Middle East

Iran’s Elections

A Modest Proposal

Iranian reformist legislator
Iranian reformist legislator Elaheh Koulaiee resigned from the Majlis legislative assembly after she was barred from running in the Feb. 20 elections (Photo: Atta Kenare/AFP-Getty Images).

I am not a bit worried by the spectacle of the conservatives taking over every state institution, because if they do, I can clearly see them struggling in the quagmire they made for themselves. I made this point in early 1379 [2000-2001] and asked the reformists to hand over power to the conservatives altogether to appease their thirst for power. I do not know why they took this suggestion as an insult, put me in jail, and then recorded that statement in my file as proof of my subversion. Now the conservatives are doing the very thing they formerly deemed subversion. This is further proof of the theory that the conservatives consider that what they believe is criminal and unlawful for others is legal and lawful for themselves.

The intention of this brief article is not to show the contradictions and insurmountable difficulties the conservatives are going to encounter after taking over the Majlis [legislative assembly] and, subsequently, the government. I have learned by now that predicting bad news from an independent position, even as a precautionary and preventive measure, makes some people so irritated and insecure that they might use that very prediction as the basis for strange and peculiar accusations against me. One day, for instance, I warned that our increasing social problems might prove fertile ground for fascism. Later, I found this accusation in my file: “The defendant has been seeking to topple the system and replace it with fascism!” By this logic, it would not be surprising if all doctors who predict the death of their patients were brought to trial on murder charges!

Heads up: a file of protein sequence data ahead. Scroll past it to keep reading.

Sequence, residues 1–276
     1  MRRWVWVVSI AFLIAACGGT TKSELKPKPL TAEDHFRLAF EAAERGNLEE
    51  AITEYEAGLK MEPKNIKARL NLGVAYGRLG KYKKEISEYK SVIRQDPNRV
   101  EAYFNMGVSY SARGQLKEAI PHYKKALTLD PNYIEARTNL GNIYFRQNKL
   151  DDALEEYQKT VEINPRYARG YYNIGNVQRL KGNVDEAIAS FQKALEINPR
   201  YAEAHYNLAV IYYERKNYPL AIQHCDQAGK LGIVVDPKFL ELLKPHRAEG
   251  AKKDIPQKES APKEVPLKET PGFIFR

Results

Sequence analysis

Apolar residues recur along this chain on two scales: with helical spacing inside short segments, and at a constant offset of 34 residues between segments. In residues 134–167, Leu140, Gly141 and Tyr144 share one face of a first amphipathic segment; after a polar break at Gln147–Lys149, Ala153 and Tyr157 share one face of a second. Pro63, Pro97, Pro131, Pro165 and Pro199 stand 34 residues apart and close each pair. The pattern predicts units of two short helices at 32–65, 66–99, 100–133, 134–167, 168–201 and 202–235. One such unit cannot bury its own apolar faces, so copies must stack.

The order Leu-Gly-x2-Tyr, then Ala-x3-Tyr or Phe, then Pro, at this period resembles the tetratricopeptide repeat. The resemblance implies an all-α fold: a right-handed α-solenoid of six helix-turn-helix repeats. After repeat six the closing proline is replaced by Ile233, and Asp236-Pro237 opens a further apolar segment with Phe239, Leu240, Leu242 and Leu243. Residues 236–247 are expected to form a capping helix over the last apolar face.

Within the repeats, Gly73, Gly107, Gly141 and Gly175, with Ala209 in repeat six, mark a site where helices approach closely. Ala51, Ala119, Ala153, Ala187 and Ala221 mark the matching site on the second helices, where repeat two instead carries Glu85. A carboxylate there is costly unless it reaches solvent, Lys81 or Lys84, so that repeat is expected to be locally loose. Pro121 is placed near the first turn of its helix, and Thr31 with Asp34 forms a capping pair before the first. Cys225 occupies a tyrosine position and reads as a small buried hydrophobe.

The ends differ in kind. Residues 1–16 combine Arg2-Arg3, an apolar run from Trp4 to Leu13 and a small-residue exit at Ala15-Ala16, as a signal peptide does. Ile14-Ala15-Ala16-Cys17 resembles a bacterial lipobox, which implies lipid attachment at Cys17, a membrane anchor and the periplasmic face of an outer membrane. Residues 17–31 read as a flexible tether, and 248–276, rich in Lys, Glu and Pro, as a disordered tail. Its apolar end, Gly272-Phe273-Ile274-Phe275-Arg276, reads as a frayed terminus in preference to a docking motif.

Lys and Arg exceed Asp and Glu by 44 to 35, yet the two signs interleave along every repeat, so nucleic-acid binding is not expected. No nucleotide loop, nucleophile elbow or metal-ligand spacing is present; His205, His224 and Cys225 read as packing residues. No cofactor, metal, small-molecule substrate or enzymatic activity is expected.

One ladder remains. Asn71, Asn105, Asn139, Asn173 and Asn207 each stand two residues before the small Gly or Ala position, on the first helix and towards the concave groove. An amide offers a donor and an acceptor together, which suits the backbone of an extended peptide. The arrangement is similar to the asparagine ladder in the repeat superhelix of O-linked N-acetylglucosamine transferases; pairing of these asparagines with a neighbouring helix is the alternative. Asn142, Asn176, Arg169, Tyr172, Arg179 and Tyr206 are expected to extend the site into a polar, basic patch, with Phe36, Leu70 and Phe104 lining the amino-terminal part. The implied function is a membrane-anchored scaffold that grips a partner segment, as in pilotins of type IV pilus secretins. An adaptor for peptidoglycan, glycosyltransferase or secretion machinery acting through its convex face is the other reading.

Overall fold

As I said, I am not worried that the conservatives are taking over all the pillars of government. What upsets me is why they have chosen such a complicated method when there are far easier and simpler means to the same end. Take the upcoming elections, for instance. An election, according to democratic conventions, represents the free will of citizens by means of their going to the polls to choose whom they trust to manage society. If the people do not have the right to decide whether to go to the ballot boxes, if they don’t find their favorite person or party among the candidates, or if their elected representatives do not have the power to administer society, then what else will an election be but a costly and entertaining procedure?

Consider the upcoming election. When the most renowned political figures are banned from running and when executives are going through with it only out of fear of judicial prosecution, what kind of election is this? Why waste so much breath debating it? Instead of spending billions from the state treasury or the candidates’ pockets, instead of wasting so much time and energy on holding an election that in fact is not an election, I suggest the conservatives dispense with the polls entirely and just send their appointed representatives to the Majlis. That way, we wouldn’t have any of these arguments about the elections or whether they will be free, fair, and competitive. We wouldn’t spend any more money for no reason. And we could spare the anointed representatives and their rivals so much strain. It is certain that the people, too, would be more satisfied. If you do not believe me, just try it!

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